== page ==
“Fatalism was also mentioned as an important factor, with the premise being that the child will be protected unless it is the child’s fate that he or she should die.”

“I think that it is human nature to feel like a baby is most protected while in a mother’s arms and it can obviously be more comfortable for both mother and baby and easier to feed the baby while on a road trip,” said Dr Bromfield.

“People don’t realise that when they are moving in a vehicle at 120kph, that the baby will essentially be flying out of the mother’s arms at 120kph upon an impact. 

“Early car-seat public information campaigns in the US really focused on this issue, as it does feel better and seem more protective to have the baby in the mother’s arms while riding down the road – but this is simply not the case.”

Lower-income Emirati parents were more likely to use a car seat for their firstborn than high-income Emiratis, even though they were less likely to own a seat in the first place.

The study found that 40 per cent of middle and high-income respondents never place their child in a car seat, compared with 24.5 per cent of low-income Emiratis.

Less well-educated parents are also less likely to use a child seat. Slightly more than two out of three of those who did not finish high school said that they never place their child in a safety seat.

The situation among the better-educated parents seemed counter-intuitive.

About one in three of those with limited college education said they always or usually used a child seat, yet among parents with a college degree, the figure dropped to only one in five.

The study also indicated that Emirati parents often fail to use seat belts themselves, despite existing laws that make it compulsory for front-seat passengers to buckle up. Three out of four respondents said they never, seldom or occasionally use a seat belt. Only 12 per cent of parents always use a seat belt.

Low-income Emiratis were the least likely to use a seat belt, with almost two in three reporting that they never or seldom used a one.

More than one in three middle and high-income respondents said they seldom or never use their own seat belt.

Unlike studies elsewhere, a better education did not correspond with more seat belt use.

Emirati parents with four years of college education or higher are twice as likely to not wear a seat belt as those who did not complete high school. The most likely to buckle up were those with a high-school diploma, with 17.9 per cent reporting that they use seat belts.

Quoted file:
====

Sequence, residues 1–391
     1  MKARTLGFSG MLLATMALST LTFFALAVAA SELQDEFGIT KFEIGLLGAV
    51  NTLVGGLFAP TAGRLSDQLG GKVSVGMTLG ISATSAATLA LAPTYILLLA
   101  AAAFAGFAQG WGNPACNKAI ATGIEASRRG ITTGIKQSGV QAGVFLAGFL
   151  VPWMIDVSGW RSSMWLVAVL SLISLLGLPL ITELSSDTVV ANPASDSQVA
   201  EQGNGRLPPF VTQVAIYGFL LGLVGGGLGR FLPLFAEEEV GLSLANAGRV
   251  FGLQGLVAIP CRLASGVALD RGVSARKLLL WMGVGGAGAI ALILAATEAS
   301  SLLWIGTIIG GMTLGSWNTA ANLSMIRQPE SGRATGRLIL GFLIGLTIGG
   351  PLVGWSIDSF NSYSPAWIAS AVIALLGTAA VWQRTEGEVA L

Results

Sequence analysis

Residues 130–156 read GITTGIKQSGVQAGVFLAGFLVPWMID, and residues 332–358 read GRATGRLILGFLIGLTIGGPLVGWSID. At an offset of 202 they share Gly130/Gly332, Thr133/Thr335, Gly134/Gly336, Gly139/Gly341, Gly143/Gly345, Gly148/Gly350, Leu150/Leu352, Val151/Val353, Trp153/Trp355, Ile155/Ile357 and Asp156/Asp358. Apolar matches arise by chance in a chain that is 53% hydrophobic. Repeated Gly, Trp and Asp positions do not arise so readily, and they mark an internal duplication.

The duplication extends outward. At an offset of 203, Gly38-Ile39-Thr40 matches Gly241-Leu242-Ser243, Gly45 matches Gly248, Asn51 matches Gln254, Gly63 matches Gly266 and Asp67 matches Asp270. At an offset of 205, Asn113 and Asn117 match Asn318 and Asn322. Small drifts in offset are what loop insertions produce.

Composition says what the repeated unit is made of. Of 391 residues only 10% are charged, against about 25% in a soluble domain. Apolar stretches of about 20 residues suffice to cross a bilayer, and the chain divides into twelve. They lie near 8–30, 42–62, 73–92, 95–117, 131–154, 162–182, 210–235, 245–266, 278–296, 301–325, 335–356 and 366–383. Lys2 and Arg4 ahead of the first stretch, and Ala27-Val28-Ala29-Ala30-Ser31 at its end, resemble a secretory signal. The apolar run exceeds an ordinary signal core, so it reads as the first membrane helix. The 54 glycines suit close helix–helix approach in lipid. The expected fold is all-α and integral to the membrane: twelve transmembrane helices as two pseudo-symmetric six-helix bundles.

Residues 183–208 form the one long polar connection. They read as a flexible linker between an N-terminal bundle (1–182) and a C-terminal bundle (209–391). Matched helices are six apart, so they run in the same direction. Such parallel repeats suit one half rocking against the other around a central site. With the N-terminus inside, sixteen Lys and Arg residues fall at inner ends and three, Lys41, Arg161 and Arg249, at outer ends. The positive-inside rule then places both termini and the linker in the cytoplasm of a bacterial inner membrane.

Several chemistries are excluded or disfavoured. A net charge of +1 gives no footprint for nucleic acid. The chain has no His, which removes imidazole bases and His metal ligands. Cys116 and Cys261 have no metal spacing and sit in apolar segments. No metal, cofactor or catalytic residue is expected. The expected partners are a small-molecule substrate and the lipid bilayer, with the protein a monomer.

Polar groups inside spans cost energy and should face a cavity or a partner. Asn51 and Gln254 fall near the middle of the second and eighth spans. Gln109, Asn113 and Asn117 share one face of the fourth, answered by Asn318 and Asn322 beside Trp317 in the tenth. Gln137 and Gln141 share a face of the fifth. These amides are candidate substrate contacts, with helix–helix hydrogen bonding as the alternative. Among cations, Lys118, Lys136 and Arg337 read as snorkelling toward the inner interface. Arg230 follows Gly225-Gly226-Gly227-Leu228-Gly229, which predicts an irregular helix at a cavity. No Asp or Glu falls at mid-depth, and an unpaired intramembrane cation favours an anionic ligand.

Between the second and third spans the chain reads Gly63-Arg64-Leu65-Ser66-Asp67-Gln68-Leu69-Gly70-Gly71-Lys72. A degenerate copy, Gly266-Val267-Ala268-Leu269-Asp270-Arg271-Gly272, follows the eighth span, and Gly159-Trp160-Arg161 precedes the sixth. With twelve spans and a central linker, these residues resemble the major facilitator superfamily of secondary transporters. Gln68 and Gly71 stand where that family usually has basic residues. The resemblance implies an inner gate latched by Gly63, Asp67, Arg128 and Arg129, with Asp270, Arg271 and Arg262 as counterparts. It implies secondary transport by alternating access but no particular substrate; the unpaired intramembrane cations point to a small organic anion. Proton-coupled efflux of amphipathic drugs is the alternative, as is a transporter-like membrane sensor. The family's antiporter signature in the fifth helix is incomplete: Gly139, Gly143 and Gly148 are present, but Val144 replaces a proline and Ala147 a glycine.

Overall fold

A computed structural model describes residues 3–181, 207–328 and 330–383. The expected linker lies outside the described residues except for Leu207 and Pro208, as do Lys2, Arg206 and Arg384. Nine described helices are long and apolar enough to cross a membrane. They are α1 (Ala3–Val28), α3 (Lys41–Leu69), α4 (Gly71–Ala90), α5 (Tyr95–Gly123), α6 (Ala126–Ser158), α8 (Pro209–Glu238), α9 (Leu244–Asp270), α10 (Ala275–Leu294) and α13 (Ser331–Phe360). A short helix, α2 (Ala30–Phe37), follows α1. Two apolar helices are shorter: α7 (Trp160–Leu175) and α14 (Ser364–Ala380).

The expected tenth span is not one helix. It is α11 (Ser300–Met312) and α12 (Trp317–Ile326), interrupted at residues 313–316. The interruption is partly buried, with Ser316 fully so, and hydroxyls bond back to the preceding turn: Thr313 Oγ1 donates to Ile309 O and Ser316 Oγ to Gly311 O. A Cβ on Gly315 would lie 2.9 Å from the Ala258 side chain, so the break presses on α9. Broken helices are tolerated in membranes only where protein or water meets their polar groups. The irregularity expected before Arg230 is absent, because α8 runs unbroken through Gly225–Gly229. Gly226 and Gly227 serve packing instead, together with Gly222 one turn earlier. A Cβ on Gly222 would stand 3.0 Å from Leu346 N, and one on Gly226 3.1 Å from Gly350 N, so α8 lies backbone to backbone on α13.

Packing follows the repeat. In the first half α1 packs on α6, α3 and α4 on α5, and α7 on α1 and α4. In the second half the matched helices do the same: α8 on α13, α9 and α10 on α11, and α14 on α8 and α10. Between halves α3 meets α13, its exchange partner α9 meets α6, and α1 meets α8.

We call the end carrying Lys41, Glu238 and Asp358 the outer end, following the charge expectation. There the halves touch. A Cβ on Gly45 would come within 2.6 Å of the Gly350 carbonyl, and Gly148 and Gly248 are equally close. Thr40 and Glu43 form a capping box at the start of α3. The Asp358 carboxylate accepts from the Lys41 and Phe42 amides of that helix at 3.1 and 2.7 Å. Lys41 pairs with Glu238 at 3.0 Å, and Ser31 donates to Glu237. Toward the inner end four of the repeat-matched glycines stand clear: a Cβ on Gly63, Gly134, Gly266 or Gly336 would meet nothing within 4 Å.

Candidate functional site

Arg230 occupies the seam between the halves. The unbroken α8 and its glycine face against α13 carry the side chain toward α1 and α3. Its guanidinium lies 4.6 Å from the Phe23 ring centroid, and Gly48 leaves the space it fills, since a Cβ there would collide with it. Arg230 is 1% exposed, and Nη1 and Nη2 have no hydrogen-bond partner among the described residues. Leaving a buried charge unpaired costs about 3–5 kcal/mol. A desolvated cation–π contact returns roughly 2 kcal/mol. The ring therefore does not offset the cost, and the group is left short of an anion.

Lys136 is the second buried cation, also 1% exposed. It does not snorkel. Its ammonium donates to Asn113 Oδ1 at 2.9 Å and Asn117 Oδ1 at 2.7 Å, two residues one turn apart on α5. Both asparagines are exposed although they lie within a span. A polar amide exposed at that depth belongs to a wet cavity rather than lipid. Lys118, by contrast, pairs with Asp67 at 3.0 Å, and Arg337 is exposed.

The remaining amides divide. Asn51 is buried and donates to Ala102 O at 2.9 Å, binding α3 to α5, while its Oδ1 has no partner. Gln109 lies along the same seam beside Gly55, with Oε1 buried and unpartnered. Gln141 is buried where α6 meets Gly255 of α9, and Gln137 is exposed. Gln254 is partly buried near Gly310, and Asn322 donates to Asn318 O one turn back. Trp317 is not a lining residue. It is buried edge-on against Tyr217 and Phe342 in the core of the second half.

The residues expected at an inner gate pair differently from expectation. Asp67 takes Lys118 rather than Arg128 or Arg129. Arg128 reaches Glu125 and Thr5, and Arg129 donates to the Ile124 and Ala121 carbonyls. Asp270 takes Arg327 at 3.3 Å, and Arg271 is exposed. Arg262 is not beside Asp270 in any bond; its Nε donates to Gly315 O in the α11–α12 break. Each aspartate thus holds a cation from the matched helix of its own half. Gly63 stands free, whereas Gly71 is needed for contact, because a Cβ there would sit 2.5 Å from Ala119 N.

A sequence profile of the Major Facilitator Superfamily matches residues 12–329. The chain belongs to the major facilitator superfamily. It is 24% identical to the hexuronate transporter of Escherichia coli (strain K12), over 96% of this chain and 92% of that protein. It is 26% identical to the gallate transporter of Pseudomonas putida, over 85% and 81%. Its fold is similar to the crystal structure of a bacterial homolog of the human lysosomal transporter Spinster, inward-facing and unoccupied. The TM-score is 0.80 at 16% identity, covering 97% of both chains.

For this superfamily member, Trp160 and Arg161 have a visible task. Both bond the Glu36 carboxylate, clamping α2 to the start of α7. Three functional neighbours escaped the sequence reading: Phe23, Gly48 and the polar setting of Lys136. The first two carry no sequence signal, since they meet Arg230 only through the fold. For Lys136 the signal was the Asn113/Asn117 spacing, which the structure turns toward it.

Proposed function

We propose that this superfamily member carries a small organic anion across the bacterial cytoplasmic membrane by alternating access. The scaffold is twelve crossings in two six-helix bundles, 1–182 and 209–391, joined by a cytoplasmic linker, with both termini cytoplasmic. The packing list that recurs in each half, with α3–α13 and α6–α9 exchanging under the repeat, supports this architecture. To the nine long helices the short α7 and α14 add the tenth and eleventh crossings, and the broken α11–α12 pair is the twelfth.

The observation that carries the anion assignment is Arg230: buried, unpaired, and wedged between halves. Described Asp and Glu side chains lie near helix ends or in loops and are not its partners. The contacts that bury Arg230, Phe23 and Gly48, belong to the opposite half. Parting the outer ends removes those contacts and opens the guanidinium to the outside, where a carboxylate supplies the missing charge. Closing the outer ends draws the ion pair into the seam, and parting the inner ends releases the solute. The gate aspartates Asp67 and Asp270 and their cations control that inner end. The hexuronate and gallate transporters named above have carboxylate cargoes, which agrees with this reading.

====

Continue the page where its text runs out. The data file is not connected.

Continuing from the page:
Yet many parents who do not use seat belts in the UAE use them abroad in western nations where they are legally required to do so.

Meanwhile Government, hospital and private initiatives that give away free child seats appear to have had little impact on their use.

Laws alone will not change behaviour, as indicated by the low level of adult seat-belt use. The law requiring seat-belt use for front seat passengers was passed in 1998.

“Barriers to car-seat usage that need to be further explored, other than the lack of behavioural norms around car-seat use, are the shortage of physical police presence on the roads and the use of highly tinted windows by motorists, which could prevent enforcement of any mandatory child car safety-seat laws,” said the study.

Large families pose another challenge. The average household in the survey had nine members, including 3.69 children, making it difficult to fit multiple child seats in one vehicle.

The study’s initial findings are “gold dust” for educators and campaigners, said Britta Lang, a principal road-safety scientist at the Transport Research Laboratory, a British consultancy.

“What the results seem to show is that it’s a deeply social phenomenon,” she said. “It’s not just about the attitudes of an individual but it’s about attitudes that are based on peer perceptions and social perceptions.

“That also means that certain interventions, such as certain campaigns about ‘keep your child safe, use a belt’, are not going to be successful. You need to work in a much more subtle way and in the appropriate way. There are a raft of issues that you really need to address and you can’t just target the individual in isolation.”

Societal acceptance is perhaps the largest barrier to overcome.

Campaigns aimed at parents alone will fall short, said Ms Lang.

“It’s changing the perception of everybody involved in the group, everybody that gets in the car,” she said.

azacharias@thenational.ae